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From the February 2000
Film Review

Film Review Hotline

SLEEPY HOLLOW
4 Stars
Blind man's buff with Johnny Depp and Christina Ricci
Head him off at the pass
STARS: Johnny Depp, Christina Ricci, Miranda Richardson, Michael Gambon, Casper Van Dien, Jeffrey Jones, Richard Griffiths, Ian McDiarmid, Michael Gough, Christopher Walken
DIRECTOR: Tim Burton
SCREENPLAY: Andrew Kevin Walker
CERTIFICATE: 15DISTRIBUTOR and Picture copyright: Pathé
RUNNING TIME: 1hr 45mins
OPENING DATE (UK): January 7

There’s something for everyone in Tim Burton’s dreamy take on Washington Irving’s classic story. Burton followers will be captivated by the film’s seductive, Oscar worthy de-saturated beauty and otherworldly acting. Hammer horror fans will relish the cast of British stalwarts and misty period ambience; gorehounds will be thrilled by the stupendous on-screen decapitations, and ladies will be smitten by Depp’s good looks and endearing awkwardness.

It’s the final year of the 18th Century. Unconventional New York Police Inspector Ichabod Crane (Depp) is summoned to the farming town of Sleepy Hollow to investigate a series of grisly murders, in which the victims have been found with no trace of their heads.

The shifty townsfolk (comprised of a delightful bunch of British character actors) explain that they know who’s responsible for these foul deeds – a vengeful headless horseman. Can this man of science and deduction halt a supernatural killing spree? And will he still find time to win the heart of the strong-willed Katrina (Ricci)?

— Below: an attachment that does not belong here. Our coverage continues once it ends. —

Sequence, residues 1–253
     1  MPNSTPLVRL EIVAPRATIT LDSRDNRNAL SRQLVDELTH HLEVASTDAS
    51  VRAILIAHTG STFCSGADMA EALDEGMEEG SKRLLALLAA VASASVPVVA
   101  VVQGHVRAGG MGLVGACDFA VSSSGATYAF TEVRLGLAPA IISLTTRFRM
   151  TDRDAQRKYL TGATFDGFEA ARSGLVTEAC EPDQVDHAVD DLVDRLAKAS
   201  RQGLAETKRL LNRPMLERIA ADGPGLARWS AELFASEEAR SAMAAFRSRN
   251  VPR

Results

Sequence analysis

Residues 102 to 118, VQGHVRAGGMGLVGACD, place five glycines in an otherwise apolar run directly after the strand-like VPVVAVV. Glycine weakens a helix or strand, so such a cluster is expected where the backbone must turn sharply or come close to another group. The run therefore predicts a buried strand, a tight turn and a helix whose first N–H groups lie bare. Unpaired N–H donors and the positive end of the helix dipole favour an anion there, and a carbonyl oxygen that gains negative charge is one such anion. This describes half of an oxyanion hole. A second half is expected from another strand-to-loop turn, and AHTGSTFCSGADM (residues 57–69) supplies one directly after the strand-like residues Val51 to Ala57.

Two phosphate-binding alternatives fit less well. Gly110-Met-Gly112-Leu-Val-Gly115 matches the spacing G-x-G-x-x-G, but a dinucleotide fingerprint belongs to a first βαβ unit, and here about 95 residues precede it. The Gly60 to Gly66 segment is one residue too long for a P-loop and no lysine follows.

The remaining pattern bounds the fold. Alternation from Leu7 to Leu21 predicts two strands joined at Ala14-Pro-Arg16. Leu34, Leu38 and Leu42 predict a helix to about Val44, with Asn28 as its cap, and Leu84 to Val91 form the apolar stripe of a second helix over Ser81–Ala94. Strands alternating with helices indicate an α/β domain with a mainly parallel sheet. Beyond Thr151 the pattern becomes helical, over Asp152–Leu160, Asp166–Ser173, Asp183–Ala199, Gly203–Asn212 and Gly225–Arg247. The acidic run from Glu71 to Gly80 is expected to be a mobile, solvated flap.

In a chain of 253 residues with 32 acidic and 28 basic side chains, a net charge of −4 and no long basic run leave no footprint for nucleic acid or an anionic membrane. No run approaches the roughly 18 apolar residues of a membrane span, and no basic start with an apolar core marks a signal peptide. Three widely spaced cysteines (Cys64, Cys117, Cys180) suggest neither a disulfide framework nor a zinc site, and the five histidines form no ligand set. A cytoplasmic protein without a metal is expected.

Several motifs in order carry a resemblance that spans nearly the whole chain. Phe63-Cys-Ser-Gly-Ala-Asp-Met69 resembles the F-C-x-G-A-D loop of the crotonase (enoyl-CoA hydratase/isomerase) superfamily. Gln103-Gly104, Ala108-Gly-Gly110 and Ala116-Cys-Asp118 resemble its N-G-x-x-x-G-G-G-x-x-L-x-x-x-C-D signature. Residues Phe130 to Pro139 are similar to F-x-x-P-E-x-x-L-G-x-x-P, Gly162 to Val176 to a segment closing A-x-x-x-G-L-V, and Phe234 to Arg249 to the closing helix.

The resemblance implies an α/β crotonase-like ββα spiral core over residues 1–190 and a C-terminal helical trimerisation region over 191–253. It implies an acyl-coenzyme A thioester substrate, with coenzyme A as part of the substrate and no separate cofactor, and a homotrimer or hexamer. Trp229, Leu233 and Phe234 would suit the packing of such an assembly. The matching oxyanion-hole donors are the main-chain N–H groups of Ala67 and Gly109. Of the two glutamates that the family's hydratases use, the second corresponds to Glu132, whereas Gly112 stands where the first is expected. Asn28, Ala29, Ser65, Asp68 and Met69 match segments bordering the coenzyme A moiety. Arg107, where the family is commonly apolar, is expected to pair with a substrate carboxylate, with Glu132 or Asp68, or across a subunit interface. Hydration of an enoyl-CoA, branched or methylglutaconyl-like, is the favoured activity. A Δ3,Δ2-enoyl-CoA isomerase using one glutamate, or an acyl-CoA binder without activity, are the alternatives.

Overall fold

Depp’s mannered and idiosyncratic performance – which is pitched somewhere between Sherlock Holmes and Professor Van Helsing – is perfect for the role and Burton’s off-kilter universe. His English-accented, twitchy-eyed protagonist is true to the spirit of the British Horror movies the director affectionately imitates, yet he’s far from a fearless hero – exiting from a witch’s cave with a nervous cry of “We’re leaving!” and repeatedly fainting.

There are excellent characterizations too from Richardson, Jones and the rest of the Brits, but Ricci’s love interest is disappointingly wishy-washy and the tender moments between her and Depp often ring a little, well, hollow.

Andrew Kevin Walker’s dark script (no surprise from the writer of Se7en and 8mm) is evocative and amusing, but the real power of the movie comes from the astonishing technical creativity on display. Rick Heinrich’s magnificently realized production design, Emmanuel Lebezki’s pungent photography, Kevin Yagher’s breathtaking make-up effects (there’s no cutting away to a rubbery head rolling on the ground here!) and Danny Elfman’s heart-pounding orchestral score plunge the audience head-first into this spooky story.

Burton’s at his very best also, conjuring up incredibly intense and wonderfully imaginative views of the horseman thundering towards his prey, elegantly leading us through the town’s muddy walkways and generally making the film look as mouth-wateringly gorgeous as a dinner party at Delia Smith’s house. While it doesn’t quite reach the majestic heights of previous Depp collaborations like Ed Wood or Edward Scissorhands, this is still a dazzling piece of fantasy film-making from one of the true modern greats.

Jason Caro

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Reviews © Visual Imagination Ltd 2000. Not for reproduction.
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